I was desperately looking for ways to implement the logic to be able to automate this process and link controlled components to their circuits and them, in turn to the power node hierarchy. I had not succumbed to the PC craze until the AT and when employer offered and interest-free payroll deduction plan, I bought (for a mere $4000+) an AST 8(!)-MHz/AT w/ 1 (whole!) MB of memory. I had at that time also been involved with a robotics effort that was implemented in Forth and was strongly influenced by the power of "defining words"--a mechanism by which one could build runtime code that was dependent on the data supplied. I worked on the problem down that vein for a while before deciding it wasn't what was looking for and then a PC/AT Smalltalk was released. Again, it had promise but didn't have the facilities was really looking for.
So, I then heard of Matlab and thought the array syntax and similarity of the language to Fortran that I knew much better than Smalltalk might be a solution. In the end, that also never totally panned out altho I was able to do some small-scale problems with it I was again unable to implement what I really wanted which was essentially a reactor controls simulator w/ power loss response capability. Twenty/thirty some years later I think I now actually have learned enough to now know how one might implement such! :) (I will note that all of the above efforts were not done as part of the paying "day job" but were moonlighting efforts on top of actually plodding along on the actual analyses by hand so it wasn't quite like I was getting uninterrupted periods to work on it. In the consulting game we were competing against several other vendors for a dwindling amount of business and I was hoping if I could build a toolset I could underbid the competition as well as not have to work 16-hr days to meet deliverables.)
Meanwhile, doing that I began to appreciate what Matlab could do for other computational areas and continued to use it off and on as individual projects arose where it was aptly suited; primarily the graphics that was well ahead of anything else available to me at the time other than the Tek workstations or drawing Calcomp paper plots from the VAX w/ DISSPLA.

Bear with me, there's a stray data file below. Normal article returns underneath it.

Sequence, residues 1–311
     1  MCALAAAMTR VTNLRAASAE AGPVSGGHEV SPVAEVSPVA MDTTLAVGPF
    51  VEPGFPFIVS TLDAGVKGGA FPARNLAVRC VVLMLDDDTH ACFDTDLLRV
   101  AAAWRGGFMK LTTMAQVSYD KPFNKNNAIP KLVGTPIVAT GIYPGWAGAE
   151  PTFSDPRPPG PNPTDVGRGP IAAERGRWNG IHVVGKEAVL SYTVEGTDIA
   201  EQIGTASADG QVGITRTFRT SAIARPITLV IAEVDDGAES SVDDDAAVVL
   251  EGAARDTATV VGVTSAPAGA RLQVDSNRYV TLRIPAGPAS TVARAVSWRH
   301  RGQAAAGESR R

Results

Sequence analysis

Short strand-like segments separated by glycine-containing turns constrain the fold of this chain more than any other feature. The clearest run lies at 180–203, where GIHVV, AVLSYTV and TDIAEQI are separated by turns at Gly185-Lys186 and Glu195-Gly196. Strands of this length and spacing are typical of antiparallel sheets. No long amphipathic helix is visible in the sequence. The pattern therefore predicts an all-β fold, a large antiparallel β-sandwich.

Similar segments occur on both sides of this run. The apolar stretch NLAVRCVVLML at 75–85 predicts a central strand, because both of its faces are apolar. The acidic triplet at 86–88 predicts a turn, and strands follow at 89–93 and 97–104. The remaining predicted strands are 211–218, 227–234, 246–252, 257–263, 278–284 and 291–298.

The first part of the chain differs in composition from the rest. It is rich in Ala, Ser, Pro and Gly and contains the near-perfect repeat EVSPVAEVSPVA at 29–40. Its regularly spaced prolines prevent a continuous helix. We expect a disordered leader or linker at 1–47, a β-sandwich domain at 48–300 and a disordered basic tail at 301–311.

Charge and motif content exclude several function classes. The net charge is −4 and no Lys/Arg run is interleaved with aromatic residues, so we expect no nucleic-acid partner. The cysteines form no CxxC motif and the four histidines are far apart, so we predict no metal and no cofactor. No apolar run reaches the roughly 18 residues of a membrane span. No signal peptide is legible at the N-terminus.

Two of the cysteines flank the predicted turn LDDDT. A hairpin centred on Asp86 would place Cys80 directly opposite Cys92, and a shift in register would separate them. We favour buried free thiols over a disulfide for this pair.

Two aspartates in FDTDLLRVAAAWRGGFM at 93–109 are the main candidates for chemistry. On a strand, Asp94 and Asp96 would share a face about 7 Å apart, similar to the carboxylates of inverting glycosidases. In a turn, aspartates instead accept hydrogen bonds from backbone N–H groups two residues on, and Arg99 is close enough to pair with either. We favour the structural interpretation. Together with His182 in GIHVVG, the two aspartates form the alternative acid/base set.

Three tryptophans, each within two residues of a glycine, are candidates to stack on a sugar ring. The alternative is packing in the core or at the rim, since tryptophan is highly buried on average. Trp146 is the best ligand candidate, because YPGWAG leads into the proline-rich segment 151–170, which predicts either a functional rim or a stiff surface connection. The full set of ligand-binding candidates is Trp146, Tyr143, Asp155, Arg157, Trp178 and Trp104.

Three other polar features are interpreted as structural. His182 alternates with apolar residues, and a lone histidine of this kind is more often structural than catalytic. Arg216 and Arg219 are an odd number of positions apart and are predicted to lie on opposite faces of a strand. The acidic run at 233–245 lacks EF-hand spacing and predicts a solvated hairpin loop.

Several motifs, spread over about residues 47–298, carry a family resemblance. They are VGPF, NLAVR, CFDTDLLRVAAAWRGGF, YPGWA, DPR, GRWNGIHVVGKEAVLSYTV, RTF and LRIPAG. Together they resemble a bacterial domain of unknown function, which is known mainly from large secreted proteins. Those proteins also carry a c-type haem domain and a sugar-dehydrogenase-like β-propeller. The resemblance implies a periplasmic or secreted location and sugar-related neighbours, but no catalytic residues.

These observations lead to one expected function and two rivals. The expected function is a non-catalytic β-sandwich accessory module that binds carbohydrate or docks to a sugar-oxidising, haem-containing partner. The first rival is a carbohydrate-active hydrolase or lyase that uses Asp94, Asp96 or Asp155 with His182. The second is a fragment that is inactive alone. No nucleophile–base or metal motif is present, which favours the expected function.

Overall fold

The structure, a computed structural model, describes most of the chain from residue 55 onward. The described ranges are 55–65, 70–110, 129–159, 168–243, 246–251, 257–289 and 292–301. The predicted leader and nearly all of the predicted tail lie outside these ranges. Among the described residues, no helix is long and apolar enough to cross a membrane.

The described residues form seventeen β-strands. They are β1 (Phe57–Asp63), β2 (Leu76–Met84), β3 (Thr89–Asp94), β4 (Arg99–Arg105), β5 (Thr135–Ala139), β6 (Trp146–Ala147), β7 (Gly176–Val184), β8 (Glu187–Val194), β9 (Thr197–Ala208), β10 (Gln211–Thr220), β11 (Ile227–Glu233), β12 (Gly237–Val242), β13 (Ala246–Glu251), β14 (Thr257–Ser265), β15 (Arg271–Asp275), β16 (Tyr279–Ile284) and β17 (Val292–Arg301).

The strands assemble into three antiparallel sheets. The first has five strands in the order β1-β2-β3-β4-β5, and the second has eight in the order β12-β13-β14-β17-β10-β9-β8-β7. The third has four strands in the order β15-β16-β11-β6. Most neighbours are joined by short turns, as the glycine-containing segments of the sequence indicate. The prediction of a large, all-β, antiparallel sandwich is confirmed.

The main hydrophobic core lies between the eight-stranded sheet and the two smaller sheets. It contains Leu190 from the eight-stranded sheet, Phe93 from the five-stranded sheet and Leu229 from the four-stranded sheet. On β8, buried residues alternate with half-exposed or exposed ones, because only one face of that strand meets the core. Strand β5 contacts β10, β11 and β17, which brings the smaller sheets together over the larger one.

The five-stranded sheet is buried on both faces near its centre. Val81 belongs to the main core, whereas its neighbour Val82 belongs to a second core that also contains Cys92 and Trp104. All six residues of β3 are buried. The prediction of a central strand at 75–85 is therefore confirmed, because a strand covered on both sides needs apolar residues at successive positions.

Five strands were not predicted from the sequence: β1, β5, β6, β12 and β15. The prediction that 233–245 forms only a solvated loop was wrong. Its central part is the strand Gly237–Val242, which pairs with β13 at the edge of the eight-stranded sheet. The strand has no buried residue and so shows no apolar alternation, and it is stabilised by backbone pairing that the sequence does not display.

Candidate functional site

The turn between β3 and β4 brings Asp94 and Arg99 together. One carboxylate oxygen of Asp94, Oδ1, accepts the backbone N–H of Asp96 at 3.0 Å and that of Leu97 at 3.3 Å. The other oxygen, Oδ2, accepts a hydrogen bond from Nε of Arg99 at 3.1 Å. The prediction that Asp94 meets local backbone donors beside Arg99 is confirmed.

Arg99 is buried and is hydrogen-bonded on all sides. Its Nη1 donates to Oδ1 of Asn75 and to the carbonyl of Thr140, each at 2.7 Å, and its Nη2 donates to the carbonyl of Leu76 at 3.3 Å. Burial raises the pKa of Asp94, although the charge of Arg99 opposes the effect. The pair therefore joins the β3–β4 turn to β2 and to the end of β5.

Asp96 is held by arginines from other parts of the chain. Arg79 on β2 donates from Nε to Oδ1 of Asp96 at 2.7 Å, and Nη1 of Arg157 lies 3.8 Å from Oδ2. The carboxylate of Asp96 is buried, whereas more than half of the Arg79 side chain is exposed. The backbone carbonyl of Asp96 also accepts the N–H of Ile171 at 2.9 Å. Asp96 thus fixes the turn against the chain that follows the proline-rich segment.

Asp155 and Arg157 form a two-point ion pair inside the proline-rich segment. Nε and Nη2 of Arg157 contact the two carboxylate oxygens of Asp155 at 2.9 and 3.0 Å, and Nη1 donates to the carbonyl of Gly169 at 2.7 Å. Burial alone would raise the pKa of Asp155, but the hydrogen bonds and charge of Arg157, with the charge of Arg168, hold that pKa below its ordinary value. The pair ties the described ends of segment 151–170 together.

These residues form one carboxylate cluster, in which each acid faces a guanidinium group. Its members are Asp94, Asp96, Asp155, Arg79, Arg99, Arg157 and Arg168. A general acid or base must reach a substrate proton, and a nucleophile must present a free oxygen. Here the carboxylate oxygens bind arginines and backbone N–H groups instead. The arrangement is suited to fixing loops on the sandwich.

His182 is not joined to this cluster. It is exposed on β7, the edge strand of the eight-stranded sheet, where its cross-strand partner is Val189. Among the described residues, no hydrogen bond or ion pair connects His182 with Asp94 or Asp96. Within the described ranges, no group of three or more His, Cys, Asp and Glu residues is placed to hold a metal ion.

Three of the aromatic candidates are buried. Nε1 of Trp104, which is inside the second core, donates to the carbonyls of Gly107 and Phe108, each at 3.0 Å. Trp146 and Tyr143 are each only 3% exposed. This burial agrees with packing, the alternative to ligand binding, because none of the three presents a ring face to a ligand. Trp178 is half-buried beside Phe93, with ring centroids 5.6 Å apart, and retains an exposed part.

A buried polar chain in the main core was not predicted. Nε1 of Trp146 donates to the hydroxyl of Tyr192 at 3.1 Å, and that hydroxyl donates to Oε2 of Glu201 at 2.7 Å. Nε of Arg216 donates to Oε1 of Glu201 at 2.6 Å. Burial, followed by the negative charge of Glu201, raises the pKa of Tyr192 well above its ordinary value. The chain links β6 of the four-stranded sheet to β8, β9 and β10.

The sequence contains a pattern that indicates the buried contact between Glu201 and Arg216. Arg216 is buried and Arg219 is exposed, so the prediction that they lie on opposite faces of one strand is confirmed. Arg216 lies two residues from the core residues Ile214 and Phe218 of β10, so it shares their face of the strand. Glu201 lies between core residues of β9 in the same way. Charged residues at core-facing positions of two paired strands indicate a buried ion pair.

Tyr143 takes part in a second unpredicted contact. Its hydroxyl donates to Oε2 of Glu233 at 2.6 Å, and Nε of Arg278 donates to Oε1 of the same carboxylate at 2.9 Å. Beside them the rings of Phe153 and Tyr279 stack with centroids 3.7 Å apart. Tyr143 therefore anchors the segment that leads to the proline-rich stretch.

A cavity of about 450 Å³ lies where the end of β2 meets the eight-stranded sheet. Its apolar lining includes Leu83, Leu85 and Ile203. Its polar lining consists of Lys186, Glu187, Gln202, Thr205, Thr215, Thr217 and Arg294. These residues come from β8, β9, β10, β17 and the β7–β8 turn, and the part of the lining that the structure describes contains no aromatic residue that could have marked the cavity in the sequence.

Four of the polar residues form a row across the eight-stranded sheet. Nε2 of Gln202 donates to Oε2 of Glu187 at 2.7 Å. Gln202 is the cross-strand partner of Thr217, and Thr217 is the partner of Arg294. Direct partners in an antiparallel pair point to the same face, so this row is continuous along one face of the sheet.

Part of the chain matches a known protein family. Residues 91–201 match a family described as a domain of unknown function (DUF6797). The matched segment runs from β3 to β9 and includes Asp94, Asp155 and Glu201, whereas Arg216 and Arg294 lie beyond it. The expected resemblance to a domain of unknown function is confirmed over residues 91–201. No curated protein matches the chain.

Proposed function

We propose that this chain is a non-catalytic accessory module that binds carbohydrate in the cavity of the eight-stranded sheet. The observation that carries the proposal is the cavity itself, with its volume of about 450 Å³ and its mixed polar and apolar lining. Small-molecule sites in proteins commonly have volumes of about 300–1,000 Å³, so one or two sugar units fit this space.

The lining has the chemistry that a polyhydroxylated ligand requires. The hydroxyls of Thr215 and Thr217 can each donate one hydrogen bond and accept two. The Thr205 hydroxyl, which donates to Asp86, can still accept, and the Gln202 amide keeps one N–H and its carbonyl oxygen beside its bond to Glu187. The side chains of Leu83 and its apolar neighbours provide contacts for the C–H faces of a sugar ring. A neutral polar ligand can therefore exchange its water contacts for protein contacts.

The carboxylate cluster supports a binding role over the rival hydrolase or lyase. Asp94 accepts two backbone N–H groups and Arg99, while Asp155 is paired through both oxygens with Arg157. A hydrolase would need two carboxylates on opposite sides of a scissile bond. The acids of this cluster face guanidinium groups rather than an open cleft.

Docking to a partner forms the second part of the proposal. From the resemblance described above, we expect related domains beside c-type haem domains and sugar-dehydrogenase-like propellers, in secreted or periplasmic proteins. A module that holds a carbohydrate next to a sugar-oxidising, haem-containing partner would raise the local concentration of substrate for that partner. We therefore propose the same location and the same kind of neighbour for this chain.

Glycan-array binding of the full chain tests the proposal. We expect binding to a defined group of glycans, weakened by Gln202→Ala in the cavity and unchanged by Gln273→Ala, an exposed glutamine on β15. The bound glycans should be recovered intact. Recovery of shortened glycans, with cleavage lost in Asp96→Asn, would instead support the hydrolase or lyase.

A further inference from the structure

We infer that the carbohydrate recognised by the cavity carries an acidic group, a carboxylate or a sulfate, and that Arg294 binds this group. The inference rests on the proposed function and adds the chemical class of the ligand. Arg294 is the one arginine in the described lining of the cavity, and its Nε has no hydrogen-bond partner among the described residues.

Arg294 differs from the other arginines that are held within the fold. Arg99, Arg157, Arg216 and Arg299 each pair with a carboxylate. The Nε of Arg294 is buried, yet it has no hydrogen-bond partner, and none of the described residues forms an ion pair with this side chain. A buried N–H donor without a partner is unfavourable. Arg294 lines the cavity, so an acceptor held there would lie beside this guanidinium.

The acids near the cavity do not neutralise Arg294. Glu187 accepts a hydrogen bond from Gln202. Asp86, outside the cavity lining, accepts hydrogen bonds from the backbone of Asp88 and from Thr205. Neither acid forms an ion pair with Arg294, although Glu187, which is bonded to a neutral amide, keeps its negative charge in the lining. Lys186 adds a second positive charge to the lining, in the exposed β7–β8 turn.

After that point my directions again switched to supporting mostly the fossil utilities rather than nuclear and were directed mostly to controls and instrumentation and development of new techniques for pulverized coal flow. In those, visualization and signal processing were key areas.
As for learning, it's all been a very long-term case of osmosis and as another said while he had 3+ yr of Matlab experience the 25+ of programming was probably key in the ability to simply switch implementation languages as opposed to starting programming from the beginning.
I recall my first FORTRAN on the Philco in '68 was a pretty feeble piece of code albeit it did get the job done (eventually). I'm sure if I had had no more experience when first installed Matlab as did when punched the first card deck I'd have been at least as inept... :)
Indeed...some have been very handy in an off-list mentoring situation last month w/ a Indian student studying in Sweden while working as an (apprently unpaid) summer intern in Berlin. Wouldn'ta happened when I was his age...
Not sure how much more TMW would want me to let out of the bag here...I do still have intentions of looking at some that I haven't gotten to yet with respect to some ag production areas on the farm that I thought might be an area for another direction for toolboxes to head...but, w/ the severe drought I'll have to get some previous data to even get started as we had essentially no production of winter wheat this year.
I started using MATLAB in 95, but I didn’t get serious about it until 97. Being more of a "low level" programming and electronics engineering guy (uP/uC systems) at that time, I had worked with several assembly languages, C, Pascal, and Fortran, prior to really starting with scientific computing. From 97 on, I have been using essentially MATLAB/C for engineering projects, Sysquake for building highly interactive demonstrators (MATLAB syntax "compatible" and really worth the try), Mathematica for physics and mathematics, and Python for data pre/post processing and for "gluing things together". I slowly shifted towards MATLAB as this is where my projects lead me. Now I am essentially mixing MALTAB, Python, and ArcGIS, even though people who know me are likely to call me a MATLAB evangelist ;-)